In many respects it is no different to when I was teaching young people at college … it's just that teaching your own kids is like teaching the most rebellious students and the most challenging learners. Simply because they're your own kids. For any other teacher they'd be a dream!

At the end of the day of course we will all grow as people. And we will either make films together or we won't. In the meantime I am happy to be practicing filmmaking skills and I am happy that they're learning the nuts and bolts of working life. As ever, it is a privilege. I love working with young people and these are no different because they're my family. It's just a tougher job for me because they're my family!!

In terms of filmmaking, we are making painstakingly slow progress, but it is progress nonetheless. Skills take time and effort and dedication. The most important things I bring to the table are a clear set of goals and a lifetime of experience at getting projects off the ground.

The flip side of that is, of course, that goals can be blinkers and a lifetime of experience can result in less innovation. So working with young people is a perfect balance because they bring energy and ideas and the pioneering spirit to try out solutions in directions my experience might, rightly or wrongly, warn me not not to go.

Working across the generations enables the perfect fusion of wisdom and courage that comes from the compassionate and respectful blending of youth and wisdom that brings about truly new ideas and innovative solutions.

The most important thing about working with your family is recognising and respecting what everyone brings to the table!



New Photo Blog!



April 18th, 2014


Exciting news - Adrian and I have started a new photography blog.

It's already turning into a lot of fun!

I get to write the background story to my photos, which is a new thing for me. It also means I have to think a little more about the why and the how of going about taking a photograph. If my Flickr views and feedback are anything to go by, this attention to detail is already paying off in my photos. I would advise all photographers to taking the blog approach to their images as it really forces you to up your game considerably. On Flickr especially, fellow users love the background detail to your photos, and of course, everyone is looking for tips and tricks that they can apply in their own work.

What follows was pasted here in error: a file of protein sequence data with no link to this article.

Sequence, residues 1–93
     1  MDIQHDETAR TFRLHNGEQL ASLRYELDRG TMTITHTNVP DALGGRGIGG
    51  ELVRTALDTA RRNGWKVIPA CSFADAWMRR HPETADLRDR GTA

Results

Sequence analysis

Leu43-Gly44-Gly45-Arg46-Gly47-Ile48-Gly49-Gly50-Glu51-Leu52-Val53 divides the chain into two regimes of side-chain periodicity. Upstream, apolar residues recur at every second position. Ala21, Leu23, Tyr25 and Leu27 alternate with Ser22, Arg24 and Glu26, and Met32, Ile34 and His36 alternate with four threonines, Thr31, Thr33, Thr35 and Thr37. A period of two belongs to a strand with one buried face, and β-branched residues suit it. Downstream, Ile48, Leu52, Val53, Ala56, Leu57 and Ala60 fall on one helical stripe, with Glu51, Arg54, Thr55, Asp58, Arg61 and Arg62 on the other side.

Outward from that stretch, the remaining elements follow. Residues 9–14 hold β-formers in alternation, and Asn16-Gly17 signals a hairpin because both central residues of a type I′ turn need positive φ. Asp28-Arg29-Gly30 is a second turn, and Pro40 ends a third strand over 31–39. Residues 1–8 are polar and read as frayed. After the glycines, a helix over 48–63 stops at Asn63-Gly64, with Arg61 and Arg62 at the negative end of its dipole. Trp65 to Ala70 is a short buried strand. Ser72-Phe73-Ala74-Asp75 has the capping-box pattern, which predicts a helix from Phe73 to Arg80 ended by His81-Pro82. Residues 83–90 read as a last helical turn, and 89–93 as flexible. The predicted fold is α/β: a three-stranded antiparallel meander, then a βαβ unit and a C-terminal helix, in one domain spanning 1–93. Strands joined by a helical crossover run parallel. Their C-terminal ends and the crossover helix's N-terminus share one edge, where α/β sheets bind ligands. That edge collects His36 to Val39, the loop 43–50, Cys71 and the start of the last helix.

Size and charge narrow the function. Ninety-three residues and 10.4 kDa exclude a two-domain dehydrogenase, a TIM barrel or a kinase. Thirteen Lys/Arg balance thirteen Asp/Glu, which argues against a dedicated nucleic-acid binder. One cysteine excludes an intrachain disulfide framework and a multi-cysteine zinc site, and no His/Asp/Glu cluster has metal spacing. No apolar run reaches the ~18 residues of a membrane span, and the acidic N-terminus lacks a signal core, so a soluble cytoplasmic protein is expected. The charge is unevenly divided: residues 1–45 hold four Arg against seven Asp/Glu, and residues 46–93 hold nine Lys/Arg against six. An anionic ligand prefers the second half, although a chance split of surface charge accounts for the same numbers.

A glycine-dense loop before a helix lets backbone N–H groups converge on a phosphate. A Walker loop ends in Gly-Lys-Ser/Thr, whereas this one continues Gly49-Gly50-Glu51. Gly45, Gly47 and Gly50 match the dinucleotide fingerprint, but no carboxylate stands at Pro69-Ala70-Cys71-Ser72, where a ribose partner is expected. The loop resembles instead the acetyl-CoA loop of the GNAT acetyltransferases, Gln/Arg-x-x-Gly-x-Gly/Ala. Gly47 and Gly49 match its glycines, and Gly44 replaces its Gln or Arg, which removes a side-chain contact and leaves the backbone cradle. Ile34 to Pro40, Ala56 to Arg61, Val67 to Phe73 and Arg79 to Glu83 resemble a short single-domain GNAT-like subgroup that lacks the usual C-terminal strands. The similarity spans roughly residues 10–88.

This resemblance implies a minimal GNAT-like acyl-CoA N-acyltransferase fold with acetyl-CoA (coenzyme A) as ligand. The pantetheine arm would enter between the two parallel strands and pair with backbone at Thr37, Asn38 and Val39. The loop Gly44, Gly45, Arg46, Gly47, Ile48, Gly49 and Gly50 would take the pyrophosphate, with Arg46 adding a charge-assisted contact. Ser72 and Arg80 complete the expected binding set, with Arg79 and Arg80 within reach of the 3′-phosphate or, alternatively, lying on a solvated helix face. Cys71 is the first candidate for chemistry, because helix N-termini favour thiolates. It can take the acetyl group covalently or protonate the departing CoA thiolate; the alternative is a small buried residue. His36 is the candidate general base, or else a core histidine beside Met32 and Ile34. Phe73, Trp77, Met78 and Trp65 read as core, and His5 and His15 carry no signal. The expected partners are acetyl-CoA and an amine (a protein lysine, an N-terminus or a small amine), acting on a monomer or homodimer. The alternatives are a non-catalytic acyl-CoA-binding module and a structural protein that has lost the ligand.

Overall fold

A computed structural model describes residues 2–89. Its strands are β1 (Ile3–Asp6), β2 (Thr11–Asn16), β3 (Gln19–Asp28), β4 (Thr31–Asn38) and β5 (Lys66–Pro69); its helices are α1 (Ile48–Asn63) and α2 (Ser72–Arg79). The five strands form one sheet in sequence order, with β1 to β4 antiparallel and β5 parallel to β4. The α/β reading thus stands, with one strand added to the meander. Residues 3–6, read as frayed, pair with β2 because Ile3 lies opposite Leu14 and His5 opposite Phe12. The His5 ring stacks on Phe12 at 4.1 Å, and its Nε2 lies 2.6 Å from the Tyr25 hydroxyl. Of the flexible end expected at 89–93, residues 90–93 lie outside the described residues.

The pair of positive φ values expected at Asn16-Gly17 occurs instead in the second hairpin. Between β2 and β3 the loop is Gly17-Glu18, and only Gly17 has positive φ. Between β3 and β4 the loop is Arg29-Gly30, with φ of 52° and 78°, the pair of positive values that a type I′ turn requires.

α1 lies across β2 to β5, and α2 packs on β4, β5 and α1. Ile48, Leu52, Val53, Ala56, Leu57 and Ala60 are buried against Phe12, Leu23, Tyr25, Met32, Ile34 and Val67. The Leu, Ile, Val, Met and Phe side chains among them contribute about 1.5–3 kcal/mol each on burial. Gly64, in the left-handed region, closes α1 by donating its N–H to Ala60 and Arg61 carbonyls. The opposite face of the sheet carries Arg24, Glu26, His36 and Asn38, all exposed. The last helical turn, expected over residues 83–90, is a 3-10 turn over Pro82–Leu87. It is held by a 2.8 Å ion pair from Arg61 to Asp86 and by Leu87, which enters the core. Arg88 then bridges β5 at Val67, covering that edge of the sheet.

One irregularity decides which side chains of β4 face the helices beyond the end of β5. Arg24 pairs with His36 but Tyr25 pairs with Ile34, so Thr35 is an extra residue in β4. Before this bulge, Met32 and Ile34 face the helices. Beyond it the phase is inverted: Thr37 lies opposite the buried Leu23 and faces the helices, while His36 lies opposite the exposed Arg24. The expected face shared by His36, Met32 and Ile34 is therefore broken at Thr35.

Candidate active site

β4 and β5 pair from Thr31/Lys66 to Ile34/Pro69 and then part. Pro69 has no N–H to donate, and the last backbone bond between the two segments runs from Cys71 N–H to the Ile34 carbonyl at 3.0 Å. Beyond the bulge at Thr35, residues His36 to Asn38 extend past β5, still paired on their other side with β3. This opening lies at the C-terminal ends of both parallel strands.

Here's one I took a couple of nights ago:

I am also going to be producing some Adobe Lightroom and Photoshop tutorials on the blog, and I hope to include DSLR Video how-tos as well. All in all, as well as enjoying the photography and writing, I am having fun testing out lots of new kit, including camera filters, portable hard drives and new post processing software. All fun stuff to play with and evaluate!!

So, if you're into photography or DSLR Video, watch THIS SPACE for more updates.

In other great news, one of Adrian's photographs of the Aurora Borealis spectacle that hit the UK in February, was bought by Sailing Today magazine. It was a really great shot. Well done, Adrian! Take a look here:

Adrian's landscapes and seascapes are brilliant. He's really challenging me to improve my work. Having someone to compete with (in a friendly way, of course!) can be a great way to help raise your own game - and I think it's working!!

In the last month I haven't just been taking photos in the outdoors. I've also done a fair bit of studio work. This one was taken last weekend in my studio:

The shot is of my wonderful actress daughter Amy and her friend Bobby who obligingly modelled for this and many other shots. Great sports, both of them!

Here's another studio photo, this time taken in Welshot's studio setup in Chester.

It was taken at a photoshoot with Welshot and the Autonomy dance group, a fantastic group of young people who were only too happy to pose for our cameras!

OK I am back to writing my big script!!



Guerilla Filmmakers Masterclass … here I come!!



March 13th, 2014


DSCF0939This weekend is the wonderful Guerilla Film Makers Masterclass 2014 and I am so very excited.